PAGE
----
‘This isn’t a major blast,’ says Abdul Haq, a veteran member of the police bomb squad who is one of a handful of men in the city who physically disarms retrieved explosives. ‘It’s terrible to see anyone killed. But compared to what we face, this wasn’t a major incident.’
As he’s talking, the twisted, burnt remnants of what was once a school bus are dragged away. Haq leaves after answering my questions, and within an hour the other police, officials and TV crews have all departed too. It’s as if everything is back to normal.
At Lady Reading Hospital, the largest in the province and the one forced to deal with more terrorism victims than any in the country, head of the emergency room Dr Shiraz Afridi receives the corpse of the young worker who has just died.
‘He was walking past the bus as the bomb exploded,’ Afridi says. A piece of shrapnel from the blast apparently entered the boy’s heart. It would have been a quick death, Afridi adds.
I ask him if he ever gets used to seeing such carnage. ‘You don’t ever get used to it. But you do grow stronger,’ he says. But he suggests that the aftermath of the Meena Bazaar bombing in 2009, in which more than 100 people—mostly women and children—were killed by a suicide bomber, was particularly harrowing, even for him. ‘We received so many dead and dying people.’
Outside the hospital, police continue setting up checkpoints in the neighbouring Storyteller’s Market of the old city in preparation for the Ashura events that are to commence over the next three days.
As I walk outside, mourners are preparing themselves for one of the first big processions in Peshawar Cantonment. On the loud speaker, the cleric at the local Imambargah wails as he describes in detail the murder of Imam Husayn and his family in the city of Karbala, in modern day Iraq. I notice Haq ordering his men to fan out across the wide boulevards that will shortly be filled with mourners. Bombs could literally be anywhere, he says—‘hidden under rubbish bins, in parked vehicles, even inside drains.’ I suddenly become a little paranoid as I notice I’m surrounded by rubbish bins and drains.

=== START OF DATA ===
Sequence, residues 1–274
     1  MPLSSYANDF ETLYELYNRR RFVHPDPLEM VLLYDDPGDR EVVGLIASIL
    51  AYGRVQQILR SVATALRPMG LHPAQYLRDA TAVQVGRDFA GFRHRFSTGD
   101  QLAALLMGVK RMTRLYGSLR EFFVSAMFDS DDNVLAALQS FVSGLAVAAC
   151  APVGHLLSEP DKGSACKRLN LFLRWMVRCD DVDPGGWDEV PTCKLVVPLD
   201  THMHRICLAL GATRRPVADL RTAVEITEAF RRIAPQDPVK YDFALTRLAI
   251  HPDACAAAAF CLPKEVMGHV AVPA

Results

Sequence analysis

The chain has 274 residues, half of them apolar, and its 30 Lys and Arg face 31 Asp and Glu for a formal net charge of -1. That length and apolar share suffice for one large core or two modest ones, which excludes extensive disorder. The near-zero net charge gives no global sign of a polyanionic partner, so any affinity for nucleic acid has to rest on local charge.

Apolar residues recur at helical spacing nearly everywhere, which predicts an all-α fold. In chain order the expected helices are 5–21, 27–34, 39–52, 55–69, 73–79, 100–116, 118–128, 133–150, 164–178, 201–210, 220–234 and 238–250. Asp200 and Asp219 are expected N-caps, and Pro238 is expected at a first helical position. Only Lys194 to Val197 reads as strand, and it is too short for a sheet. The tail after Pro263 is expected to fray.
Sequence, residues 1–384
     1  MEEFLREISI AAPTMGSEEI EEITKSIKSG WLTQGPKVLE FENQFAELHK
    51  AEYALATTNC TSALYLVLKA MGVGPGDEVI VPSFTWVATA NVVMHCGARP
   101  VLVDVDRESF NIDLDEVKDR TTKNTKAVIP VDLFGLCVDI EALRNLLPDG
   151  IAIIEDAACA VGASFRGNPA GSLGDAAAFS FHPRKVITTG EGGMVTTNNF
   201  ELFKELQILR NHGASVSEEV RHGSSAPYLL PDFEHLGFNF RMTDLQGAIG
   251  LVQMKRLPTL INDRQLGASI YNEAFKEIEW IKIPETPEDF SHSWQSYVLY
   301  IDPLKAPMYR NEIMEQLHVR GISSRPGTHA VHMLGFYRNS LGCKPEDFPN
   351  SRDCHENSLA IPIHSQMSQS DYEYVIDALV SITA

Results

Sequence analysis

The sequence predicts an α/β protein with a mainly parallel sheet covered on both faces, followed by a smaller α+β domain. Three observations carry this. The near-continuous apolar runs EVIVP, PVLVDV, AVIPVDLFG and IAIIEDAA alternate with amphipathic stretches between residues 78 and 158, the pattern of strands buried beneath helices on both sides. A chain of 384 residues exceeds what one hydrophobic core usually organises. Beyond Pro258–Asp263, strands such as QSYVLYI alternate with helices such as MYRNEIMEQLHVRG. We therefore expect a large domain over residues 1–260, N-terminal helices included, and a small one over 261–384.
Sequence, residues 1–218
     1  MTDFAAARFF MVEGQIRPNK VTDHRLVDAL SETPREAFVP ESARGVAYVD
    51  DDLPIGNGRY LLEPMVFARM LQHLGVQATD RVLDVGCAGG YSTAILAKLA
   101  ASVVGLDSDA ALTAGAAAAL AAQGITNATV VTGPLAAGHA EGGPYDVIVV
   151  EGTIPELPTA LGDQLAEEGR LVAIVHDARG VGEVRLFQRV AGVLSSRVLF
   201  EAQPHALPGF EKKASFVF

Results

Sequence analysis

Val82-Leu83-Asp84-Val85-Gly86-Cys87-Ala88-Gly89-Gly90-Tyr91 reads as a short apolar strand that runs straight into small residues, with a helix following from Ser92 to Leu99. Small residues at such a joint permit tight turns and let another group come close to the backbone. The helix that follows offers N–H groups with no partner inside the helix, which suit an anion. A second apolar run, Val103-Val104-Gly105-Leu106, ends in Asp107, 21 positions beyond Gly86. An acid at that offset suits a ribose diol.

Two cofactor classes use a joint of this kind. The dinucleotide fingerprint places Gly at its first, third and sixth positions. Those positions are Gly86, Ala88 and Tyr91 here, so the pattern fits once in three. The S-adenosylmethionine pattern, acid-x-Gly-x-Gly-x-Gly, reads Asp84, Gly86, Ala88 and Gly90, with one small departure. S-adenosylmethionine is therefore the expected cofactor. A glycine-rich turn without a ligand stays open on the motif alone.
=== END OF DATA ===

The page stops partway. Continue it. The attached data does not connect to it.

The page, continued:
As the cleric’s sermon ends, the mourners filter purposefully out of the Imambargah and onto the boulevard. The vibrant flags of Imam Husayn flutter in the breeze as men and boys of all ages begin flagellating themselves with small, ritual blades, the bright red of their own blood matching the colours of the flags. ‘Try to finish your work early,’ Haq says to me in a fatherly way. ‘The most dangerous time is after 5 pm.’
Although today’s procession ends without any disturbance, that evening a girl is killed in a grenade attack outside a mosque in the old city of Peshawar. As I rush to the scene of the blast, police are already scattering across the narrow streets and lanes, pushing bystanders away from the area. I slip through the commotion to the spot where the grenade went off, now marked by a small crater surrounded by debris and faint splashes of blood. But again, just as with the earlier IED attack, there are signs that life is already returning to normal despite this latest disturbance.